Study finds memory problems in some 9/11 responders

A new study by researchers at Stony Brook University found memory problems in a number of Sept. 11 first responders.

A new study by researchers at Stony Brook University found memory problems in a number of Sept. 11 first responders.

A new study by researchers at Stony Brook University found memory problems in a number of Sept. 11 first responders. (8/29/16)

STONY BROOK - A new study by researchers at Stony Brook University found memory problems in a number of Sept. 11 first responders.

"The study found that first responders with PTSD were at increased risk of cognitive impairment," says Sean Clouston, an assistant professor of public health at the school.

Clouston is part of the research team that discovered the link.

Researchers say that of the 813 first responders they tested,104 had a cognitive impairment and 10 showed signs of possible dementia.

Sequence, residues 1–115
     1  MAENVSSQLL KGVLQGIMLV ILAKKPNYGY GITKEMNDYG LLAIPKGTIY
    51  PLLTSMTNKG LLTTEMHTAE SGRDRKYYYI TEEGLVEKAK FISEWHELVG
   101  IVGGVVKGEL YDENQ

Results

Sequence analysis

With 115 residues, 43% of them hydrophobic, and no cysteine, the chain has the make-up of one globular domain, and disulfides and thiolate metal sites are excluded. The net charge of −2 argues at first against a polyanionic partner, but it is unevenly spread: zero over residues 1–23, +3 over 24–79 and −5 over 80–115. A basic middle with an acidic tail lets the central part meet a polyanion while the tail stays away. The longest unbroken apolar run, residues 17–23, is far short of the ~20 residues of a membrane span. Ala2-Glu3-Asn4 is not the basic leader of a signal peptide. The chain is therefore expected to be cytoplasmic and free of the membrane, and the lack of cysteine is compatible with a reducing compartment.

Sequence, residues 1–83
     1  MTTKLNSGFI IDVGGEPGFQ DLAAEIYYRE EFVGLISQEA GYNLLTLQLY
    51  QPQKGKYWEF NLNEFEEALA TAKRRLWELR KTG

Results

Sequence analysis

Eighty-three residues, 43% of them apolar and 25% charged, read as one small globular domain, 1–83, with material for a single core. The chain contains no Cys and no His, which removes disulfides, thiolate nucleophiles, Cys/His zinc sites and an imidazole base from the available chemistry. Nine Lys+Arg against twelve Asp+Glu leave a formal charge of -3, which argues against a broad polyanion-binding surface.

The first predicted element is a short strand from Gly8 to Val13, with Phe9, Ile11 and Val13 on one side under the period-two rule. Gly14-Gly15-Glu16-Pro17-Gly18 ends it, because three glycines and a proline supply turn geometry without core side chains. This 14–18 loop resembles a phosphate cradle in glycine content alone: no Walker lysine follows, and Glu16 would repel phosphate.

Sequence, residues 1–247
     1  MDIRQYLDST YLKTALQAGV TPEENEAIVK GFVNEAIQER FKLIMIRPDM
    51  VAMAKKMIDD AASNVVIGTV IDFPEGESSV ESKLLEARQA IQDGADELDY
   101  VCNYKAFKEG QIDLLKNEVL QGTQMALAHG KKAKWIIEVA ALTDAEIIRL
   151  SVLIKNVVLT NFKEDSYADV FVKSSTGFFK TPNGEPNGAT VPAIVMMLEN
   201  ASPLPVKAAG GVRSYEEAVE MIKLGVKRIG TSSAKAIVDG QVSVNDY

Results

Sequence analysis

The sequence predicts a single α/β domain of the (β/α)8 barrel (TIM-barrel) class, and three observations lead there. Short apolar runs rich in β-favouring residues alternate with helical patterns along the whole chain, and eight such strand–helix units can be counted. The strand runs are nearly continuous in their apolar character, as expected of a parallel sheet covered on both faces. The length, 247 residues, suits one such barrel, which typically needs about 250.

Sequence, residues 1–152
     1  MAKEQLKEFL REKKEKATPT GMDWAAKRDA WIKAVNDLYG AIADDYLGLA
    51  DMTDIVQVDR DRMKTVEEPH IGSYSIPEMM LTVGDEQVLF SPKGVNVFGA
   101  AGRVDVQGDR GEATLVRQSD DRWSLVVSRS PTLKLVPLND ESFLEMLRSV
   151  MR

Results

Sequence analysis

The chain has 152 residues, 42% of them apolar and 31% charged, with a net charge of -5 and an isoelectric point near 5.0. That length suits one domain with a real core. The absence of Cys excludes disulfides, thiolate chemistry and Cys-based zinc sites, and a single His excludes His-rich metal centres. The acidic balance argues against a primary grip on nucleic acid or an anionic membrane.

Clouston said the numbers are staggering because the average age of the responders in the study was only 53.

Researchers say if the study's findings are representative of all first responders, up to 5,300 people who responded to the World Trade Center attack may be at risk of cognitive impairment.

More studies are underway to determine if that is the case.

Researchers have known for years that cancers and respiratory problems have afflicted Sept. 11 responders. The names of 600 responders who died from attack-related illnesses are etched on a memorial wall in Nesconset.

John Feal, of the Feal Good Foundation that led the fight for the Zadroga Act to provide Sept. 11 survivors with billions of dollars in relief, says he will now fight to add Stony Brook's new findings to the official coverage.

"This will be another illness that we take to the scientific technical advisory committee, and we force-feed them the numbers, statistics and the facts, and show them these men and women, uniform and non-uniform that are sick from the aftermath of 9/11," he says.

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